The Exodus That is Happening Today in Central PA

By Steven Schauder

When Jewish families gather next week to celebrate the holiday of Passover, they will start the meal with the following declaration:
“Ha Lacham Anya – This is the bread of affliction that our ancestors ate in the land of Egypt. All those who are hungry, let them enter and eat. All who are in need, let them come celebrate the Passover. Now we are here. Next year in the land of Israel. This year we are slaves. Next year we will be free.”
Whether you say or sing this statement, most people move on with the Seder fairly quickly, rarely taking the time to analyze what we are saying. We are inviting anyone who is hungry and tried and afflicted to sit at our table and enjoy this Festival of Freedom. 
“This year we are slaves. Next year we will be free.”
JFS was recently notified by HIAS and the Office of Refugees & Resettlement that our application to become a Reception & Placement agency has been approved. This is not just a feather in the cap of JFS, but one for our whole community. At the time of this writing, JFS has resettled 209 refugees and have provided mental health services to another 173 refugees. When JFS was founded in the mid-1960s, one of our first major initiatives was to help resettle Jews from the former Soviet Union and we have returned to our roots after a lengthy hiatus to be full service resettlement agency.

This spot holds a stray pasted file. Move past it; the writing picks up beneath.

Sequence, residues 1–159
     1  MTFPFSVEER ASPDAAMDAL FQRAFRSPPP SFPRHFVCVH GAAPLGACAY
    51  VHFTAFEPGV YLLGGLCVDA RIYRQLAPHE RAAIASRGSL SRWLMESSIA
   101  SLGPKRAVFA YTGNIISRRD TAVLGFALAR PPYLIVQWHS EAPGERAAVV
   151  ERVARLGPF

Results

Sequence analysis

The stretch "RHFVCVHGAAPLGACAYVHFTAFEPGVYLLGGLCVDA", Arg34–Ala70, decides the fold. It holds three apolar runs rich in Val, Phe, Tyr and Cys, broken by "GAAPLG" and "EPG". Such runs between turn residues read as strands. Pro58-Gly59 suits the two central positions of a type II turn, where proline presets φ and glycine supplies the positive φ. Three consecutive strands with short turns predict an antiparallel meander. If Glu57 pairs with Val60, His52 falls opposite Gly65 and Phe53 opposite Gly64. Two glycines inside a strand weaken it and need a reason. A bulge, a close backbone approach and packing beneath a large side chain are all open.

We do want to make you aware of an Exodus that is taking place in our community—the Exodus from Haiti to Central PA. Of the 209 refugees that JFS has resettled, 54 have been Haitian refugees, and they have all been resettled over the past month. We’ve become aware that an estimated 11,000-15,000 Haitian refugees have resettled in Harrisburg and York over the past few months. JFS has stepped in to provide housing, employment, and financial and food assistance. We have recently hired Vivianne Richard as our Haitian and Cuban Case Manager to work specifically with this population.
Join us as partners in welcoming these strangers into our community. We need help finding housing and jobs, teaching English, and helping our newcomers acclimate to life in Pennsylvania. So many have lived through slave like conditions—deprivation, hunger and sexual violence. 
JFS would like to invite you to put your words into action. The Haitian refugees arriving in Harrisburg and York are, in essence, our modern-day Israelites. They carry the weight of their past experiences, yearning for a future free from hardship.
The act of resettling refugees aligns perfectly with the core Jewish value of Gemilut Chassadim, acts of loving-kindness. The Torah instructs us to “love the stranger for you were strangers in the land of Egypt” (Deuteronomy 10:19). This passage compels us to not only acknowledge the plight of the refugee but to actively work towards alleviating their suffering. By welcoming these families into our communities, we are fulfilling a sacred obligation passed down through generations.
I invite you to reach out to me at [email protected] to learn more about ways that you can help with our resettlement efforts. Together, we can create a Promised Land for our refugees and a stronger, warmer more welcoming community for all of us. 

Skip to content